Honorable Donald B. Constine of San Francisco passed away peacefully on March 13 surrounded by family. Son of Louis and Isabelle Constine and preceded in death by loving wife June, he is survived by daughters Dana Evans (Jarrett) and Julie Shapiro (Robert). He is also survived by grandchildren David Levin (Shelly), Rachel Levin, Michael Shapiro, Amy Almany (Tal), Courtney Butler (Shale) and Brian Evans. He adored and was adored by his great-grandchildren Noah, Hannah and Devon Almany; Sophie and Hayley Levin; Zoe and Max Butler.
After graduating from Hastings College of Law he started his career in the U.S. Attorneys office and eventually became a United States Magistrate. He was later appointed as a Judge of the Municipal Court and then elevated to Judge of the Superior Court of San Francisco where he served until his retirement from the bench. He then became one of the first judges to join Judicial Arbitration Mediation Services where he got great pleasure resolving complicated disputes.
Always a high achiever, he was very active in the Scottish Rite Masonry — achieving the 33rd degree at a very young age — and was awarded the Grand Cross for exceptional service.
A devoted husband and father, he loved being surrounded by his children. He loved cruising and spent many vacations with his family. A pillar of the family, he was always helpful with sage advice and reassurance. Generous of heart and a having a wonderful sense of humor, he will be sorely missed by his family and friends.
The family is extremely grateful to Zen Villaluz, his devoted caregiver who gave him much comfort during his illness.
Sinai Memorial Chapel
Louis John Felstiner Jr. died on Feb. 24, 2017, at the age of 80. Professor Felstiner was a translator, literary critic, teacher, poet and ardent environmentalist. He is survived by Mary Lowenthal Felstiner, his wife of over 50 years, their two children, Sarah and Alek, and two grandchildren, Brayden and Asa.
Professor Felstiner was born in Mount Vernon, New York, in 1936. He attended Exeter Academy and Harvard University, then served for three years as a naval officer on the USS Forrestal before returning to Harvard to earn a Ph.D. He taught at Stanford University in English, Jewish Studies and Comparative Literature from 1965 until his retirement in 2009. Through translations of poets such as Paul Celan and Pablo Neruda, Professor Felstiner pioneered a critical approach to literary translation that incorporates history, poetics and self-reflection. His books “Translating Neruda: The Way to Macchu Picchu” and “Paul Celan: Poet, Survivor, Jew” fused literary criticism and biography, while exposing readers to the art and mechanics of translation.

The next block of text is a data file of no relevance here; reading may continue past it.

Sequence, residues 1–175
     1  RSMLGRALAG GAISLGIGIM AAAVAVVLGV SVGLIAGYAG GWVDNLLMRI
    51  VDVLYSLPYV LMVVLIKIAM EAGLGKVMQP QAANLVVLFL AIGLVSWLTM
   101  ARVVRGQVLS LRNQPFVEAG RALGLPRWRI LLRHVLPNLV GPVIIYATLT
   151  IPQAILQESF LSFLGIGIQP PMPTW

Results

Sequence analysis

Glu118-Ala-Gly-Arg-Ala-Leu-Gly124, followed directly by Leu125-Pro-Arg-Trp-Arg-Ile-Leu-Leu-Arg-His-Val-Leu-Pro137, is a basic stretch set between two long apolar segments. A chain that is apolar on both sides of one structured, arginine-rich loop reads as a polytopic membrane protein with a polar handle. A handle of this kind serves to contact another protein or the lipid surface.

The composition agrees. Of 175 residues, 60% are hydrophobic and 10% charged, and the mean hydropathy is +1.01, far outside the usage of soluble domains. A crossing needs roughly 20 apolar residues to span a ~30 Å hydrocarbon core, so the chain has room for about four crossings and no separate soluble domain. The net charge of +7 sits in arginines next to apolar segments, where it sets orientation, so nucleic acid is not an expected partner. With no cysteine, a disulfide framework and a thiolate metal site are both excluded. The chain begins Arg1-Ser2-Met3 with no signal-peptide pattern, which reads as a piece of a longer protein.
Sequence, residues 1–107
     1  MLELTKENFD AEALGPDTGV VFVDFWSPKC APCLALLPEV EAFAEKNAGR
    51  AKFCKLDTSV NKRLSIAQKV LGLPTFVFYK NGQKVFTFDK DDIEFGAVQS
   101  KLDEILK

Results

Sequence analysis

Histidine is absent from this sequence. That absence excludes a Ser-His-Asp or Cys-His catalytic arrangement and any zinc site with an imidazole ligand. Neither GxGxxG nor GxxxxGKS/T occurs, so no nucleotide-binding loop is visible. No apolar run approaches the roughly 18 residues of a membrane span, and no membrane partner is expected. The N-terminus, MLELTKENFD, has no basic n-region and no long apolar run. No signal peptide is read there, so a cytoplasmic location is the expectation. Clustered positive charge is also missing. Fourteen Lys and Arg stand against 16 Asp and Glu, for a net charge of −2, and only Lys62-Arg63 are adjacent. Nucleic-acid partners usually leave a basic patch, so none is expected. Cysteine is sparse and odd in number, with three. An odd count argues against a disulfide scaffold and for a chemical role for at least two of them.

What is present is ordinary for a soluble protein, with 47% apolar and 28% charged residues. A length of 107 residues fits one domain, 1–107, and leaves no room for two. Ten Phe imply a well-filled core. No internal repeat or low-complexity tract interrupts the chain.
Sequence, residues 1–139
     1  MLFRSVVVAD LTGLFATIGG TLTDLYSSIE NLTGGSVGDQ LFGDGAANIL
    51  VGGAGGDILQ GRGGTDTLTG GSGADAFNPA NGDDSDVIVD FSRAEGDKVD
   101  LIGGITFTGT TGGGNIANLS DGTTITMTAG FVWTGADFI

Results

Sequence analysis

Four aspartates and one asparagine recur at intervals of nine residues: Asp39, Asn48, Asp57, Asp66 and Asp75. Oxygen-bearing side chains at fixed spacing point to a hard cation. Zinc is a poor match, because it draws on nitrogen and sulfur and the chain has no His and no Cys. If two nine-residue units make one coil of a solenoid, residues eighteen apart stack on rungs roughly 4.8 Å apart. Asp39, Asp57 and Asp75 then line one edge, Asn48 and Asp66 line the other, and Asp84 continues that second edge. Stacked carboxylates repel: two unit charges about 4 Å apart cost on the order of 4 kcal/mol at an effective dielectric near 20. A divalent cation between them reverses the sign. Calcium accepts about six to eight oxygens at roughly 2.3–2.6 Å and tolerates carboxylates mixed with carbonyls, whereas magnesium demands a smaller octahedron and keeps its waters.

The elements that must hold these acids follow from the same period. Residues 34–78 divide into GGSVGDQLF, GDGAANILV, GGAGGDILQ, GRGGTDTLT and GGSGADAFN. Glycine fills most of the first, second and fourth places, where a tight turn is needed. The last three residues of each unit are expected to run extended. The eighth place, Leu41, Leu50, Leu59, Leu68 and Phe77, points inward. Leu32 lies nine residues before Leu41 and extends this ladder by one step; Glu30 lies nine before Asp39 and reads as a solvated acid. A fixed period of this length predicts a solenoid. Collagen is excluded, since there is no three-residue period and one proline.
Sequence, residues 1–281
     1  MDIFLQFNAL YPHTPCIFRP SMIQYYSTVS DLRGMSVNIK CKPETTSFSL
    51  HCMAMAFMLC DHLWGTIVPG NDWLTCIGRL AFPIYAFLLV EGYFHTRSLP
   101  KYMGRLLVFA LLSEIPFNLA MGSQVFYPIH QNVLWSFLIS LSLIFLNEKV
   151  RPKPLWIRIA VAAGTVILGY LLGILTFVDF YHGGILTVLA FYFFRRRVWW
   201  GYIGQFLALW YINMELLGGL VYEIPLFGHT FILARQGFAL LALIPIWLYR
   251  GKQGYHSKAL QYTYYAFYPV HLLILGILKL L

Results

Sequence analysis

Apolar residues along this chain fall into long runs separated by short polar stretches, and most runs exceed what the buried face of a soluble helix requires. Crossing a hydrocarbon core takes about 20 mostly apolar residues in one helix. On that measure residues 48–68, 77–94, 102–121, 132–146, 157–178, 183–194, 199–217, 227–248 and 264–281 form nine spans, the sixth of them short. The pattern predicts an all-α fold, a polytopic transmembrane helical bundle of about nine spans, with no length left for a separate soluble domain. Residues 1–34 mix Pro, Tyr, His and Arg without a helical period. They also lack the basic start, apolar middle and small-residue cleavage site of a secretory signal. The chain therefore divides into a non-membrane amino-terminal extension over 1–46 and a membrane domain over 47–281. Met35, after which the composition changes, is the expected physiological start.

Professor Felstiner augmented his scholarly pursuits with political activism. He organized support for oppressed poets and academics abroad, and in later years devoted himself to environmentalism and the nexus of literature and ecological awareness. His other works include “Can Poetry Save the Earth?” “Selected Poems and Prose of Paul Celan,” “The Lies of Art,” “The Norton Anthology of Jewish American Literature” (co-ed.), “this dust of words” (now a documentary by Bill Rose), and numerous essays on literature and translation, as well as his own poetry. In 2010 he established the Save the Earth Poetry Prize, an annual high school poetry competition for poems that “evoke humankind’s awareness of the natural world.”
In addition to teaching at Stanford, Professor Felstiner taught at the University of Chile, Hebrew University of Jerusalem, Yale University and Stanford’s programs in Oxford and Paris. He received the Truman Capote Award for Literary Criticism, as well as honors from the Modern Languages Association, PEN West, the National Book Critics Circle, and the Commonwealth Club of California, among others. Professor Felstiner held Guggenheim, Rockefeller, NEA and NEH fellowships. He became a member of the American Academy of Arts and Sciences in 2005.
Professor Felstiner was a lifelong athlete and music lover. He played varsity soccer and lacrosse at Harvard, and continued to swim every day until shortly before he died. He also performed in amateur singing groups from high school through college, and up until retirement. Professor Felstiner and his wife were devoted patrons and fixtures in attendance at Stanford’s Lively Arts programs. He often brought musicians and recordings into his classrooms to draw connections between music and poetry. As an active and committed Jew, Professor Felstiner served on the board of Hillel of Stanford, participated in services, offered courses in Jewish Studies and helped organize events and bring speakers to campus.
A private memorial is planned for later this spring. In lieu of any memorial gifts, the family suggests donations in Professor Felstiner’s memory to the Sempervirens Fund (sempervirens.org) or the Association for the Study of Literature and the Environment (asle.org).
Rabbi Donald Heskins, on March 7, 2017. Of Buffalo, N.Y. Husband of the late Jane Selya Heskins. Brother of Patricia (Jack) Gumbiner, of Los Angeles, CA. Also survived by nieces and nephews. Graveside burial service was held in Sharon Memorial Park in Sharon, Massachusetts, on March 10; a memorial service was held at Congregation Shir Shalom in Williamsville, New York, on March 14. In lieu of flowers, memorials are to be made to the charities of the donor’s choice. Arrangements entrusted to Amherst Memorial Chapel LLC. Family guestbook available at www.amherstmemorialchapel.com.